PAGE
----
On April 9, 2017, videos emerged on social media of a passenger being forcibly removed from a United Airlines flight set to depart from Chicago to Louisville. The airline tagged a few passengers to be pulled from the plane to accommodate United staff. These individuals needed to travel to their next job location. The man refused to vacate his seat, stating he was a doctor and had patients waiting on him.
The cellphone videos show the man screaming as officers drag him from his seat, his face hitting an armrest. Later videos show him with blood on his face and speaking incoherently.
That passenger was Dr. David Dao, 69 years old. His lawyer later released a statement that he suffered a broken nose, lost two front teeth, and had a concussion and various other issues. The result for United has been a news and social media firestorm that caused United to lose around $250 million in stock value in a matter of days.
An Unsatisfactory Response
When the entire world seems to be angry at you, the best response probably isn’t to call your customer belligerent. But that is what United CEO Oscar Munoz did. He has since changed his tune. Perhaps it was the videos of the incident, the injuries Dr. Dao sustained or the negative publicity run amuck. Whatever the reason, United has since modified its policies and says it will no longer let crew take the place of passengers on overbooked flights where the passengers are already seated.
When consumers are unhappy with some aspect of a company, common sense would dictate that the best place to start is with an apology and a promise to get to the bottom of the issue at hand.
Munoz’s initial response was unsatisfactory to those who saw the video and the level of force exerted. He did not correctly gauge the how aggravated the public is with airline policies on overbooked flights.
The Secondary Response
United’s secondary response was much more measured. It later issued an apology. Munoz has since called the incident an “upsetting event.” He went on to apologize for having to re-accommodate the passengers to other flights.
The secondary response from United is a better example of the first step a company should take when a crisis occurs. Apologize for any inconvenience and promise to look into the issue and get back with an answer.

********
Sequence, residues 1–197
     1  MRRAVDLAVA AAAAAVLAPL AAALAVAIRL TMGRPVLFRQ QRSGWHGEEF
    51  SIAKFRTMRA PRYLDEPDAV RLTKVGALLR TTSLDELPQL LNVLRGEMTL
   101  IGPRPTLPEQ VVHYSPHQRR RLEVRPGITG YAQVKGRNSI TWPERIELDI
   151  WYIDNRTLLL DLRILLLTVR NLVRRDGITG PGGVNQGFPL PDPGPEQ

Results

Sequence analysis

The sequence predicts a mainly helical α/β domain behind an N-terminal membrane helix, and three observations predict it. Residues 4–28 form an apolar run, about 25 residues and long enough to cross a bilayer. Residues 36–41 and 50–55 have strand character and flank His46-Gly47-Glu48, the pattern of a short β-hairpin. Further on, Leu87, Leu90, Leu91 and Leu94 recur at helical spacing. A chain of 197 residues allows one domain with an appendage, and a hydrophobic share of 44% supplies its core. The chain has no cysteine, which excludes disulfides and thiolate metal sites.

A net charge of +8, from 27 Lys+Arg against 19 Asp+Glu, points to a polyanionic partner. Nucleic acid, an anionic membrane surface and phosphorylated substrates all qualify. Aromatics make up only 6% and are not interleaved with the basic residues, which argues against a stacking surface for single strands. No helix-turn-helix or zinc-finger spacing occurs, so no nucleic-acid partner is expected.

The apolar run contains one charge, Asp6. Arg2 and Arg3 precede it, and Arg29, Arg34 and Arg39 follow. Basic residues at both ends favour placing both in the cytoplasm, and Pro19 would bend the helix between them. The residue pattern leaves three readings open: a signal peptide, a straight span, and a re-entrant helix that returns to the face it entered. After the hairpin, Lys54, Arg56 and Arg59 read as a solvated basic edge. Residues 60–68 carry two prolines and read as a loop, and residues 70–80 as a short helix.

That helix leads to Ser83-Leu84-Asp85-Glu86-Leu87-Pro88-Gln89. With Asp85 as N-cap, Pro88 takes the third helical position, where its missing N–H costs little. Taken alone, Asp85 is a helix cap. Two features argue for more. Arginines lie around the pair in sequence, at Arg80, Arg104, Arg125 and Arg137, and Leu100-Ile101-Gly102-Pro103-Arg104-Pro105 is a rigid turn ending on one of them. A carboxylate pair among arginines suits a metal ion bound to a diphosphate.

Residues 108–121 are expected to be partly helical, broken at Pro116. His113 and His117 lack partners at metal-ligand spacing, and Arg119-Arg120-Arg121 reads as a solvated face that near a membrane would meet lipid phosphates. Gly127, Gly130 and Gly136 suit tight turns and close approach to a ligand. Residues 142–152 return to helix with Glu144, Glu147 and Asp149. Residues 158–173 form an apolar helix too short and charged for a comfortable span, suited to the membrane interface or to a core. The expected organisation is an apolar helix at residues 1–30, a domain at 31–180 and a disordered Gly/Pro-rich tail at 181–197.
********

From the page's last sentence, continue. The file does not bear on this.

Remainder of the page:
United may not have known all the details initially. And perhaps the passenger’s refusal to comply with officers was also not a good response. However, to immediately jump to blaming the passenger was not a smart move on United’s part.
In an interview, Andrew Gilman with a crisis communications firm, stated that the biggest issue United has to overcome is rebuilding trust. Passengers rely on the ability to get from point A to point B at a predetermined time. If they know they can’t rely on that, then travel with United becomes more risky than with other airlines, at least in theory.
Gilman goes on to state that the company needs to show it is sincere in its efforts to improve travel for passengers. There are some specific steps that United, and other companies, can take to rebuild trust once it is broken. United should:
Keep a Handle on Social Media
Know what is going on. Information online travels at the speed of light and the faster you know what is being said about your company, the better you can respond.
Correct any inaccuracies, but in a professional way. Don’t point the finger at the passenger or be belligerent. United should have apologized for the rough handling of the passenger. And then assured customers they were looking into all aspects of the situation.
Apologize for Mistakes
Apologize to consumers. Saying you are sorry about a situation does not equal an admission of guilt in a court of law. It can show your target demographic that you care and can appease them a bit.
Take a look at the complaints passengers have. If United had spent a few minutes looking at the complaints people were posting online, it could have better used the opportunity to gain customers instead of losing them.
An example of a crisis that was handled well can be seen in the corn industry. High fructose corn syrup was vilified as one of the unhealthiest foods known to man. Suddenly, consumers avoided this product like the plague and sales were plummeting.
That’s when corn farmers came together with the food industry to rebrand this inexpensive sweetener. They chose to rename the product, and it is now listed as either corn sugar or simply fructose. It’s underhanded, but this complete rebranding approach has helped them regain market share.
When it comes to United, it wouldn’t want to overbook a flight and call it something different. Consumers are smarter than that — and that little trick will likely eventually catch up with the corn industry for the same reason. Instead, United should take a look at the reasons why consumers are upset. They should ask some tough questions about how the industry as a whole can improve.
The Bottom Line
The best course of action would be to change policies quickly. This should avoid the same type of incident in the future. Then, it has to communicate those changes to consumers and work to rebuild trust that has been lost.
Eventually, the joke memes about United will die down, as other news takes the place of the incident that occurred with Dr. Dao. With a lot of time and effort, United may once again be seen as a way to fly the friendly skies. Regrouping and rebranding isn’t easy, but when your brand name has been shattered, it is worth it.
About The Author
Eleanor Hecks is the Editor-in-Chief of Designerly Magazine, an online publication dedicated to providing in-depth content from the design and marketing industries. When she's not designing or writing code, you can find her re-reading the Harry Potter series, burning calories at a local Zumba class, or hanging out with her dogs, Bear and Lucy.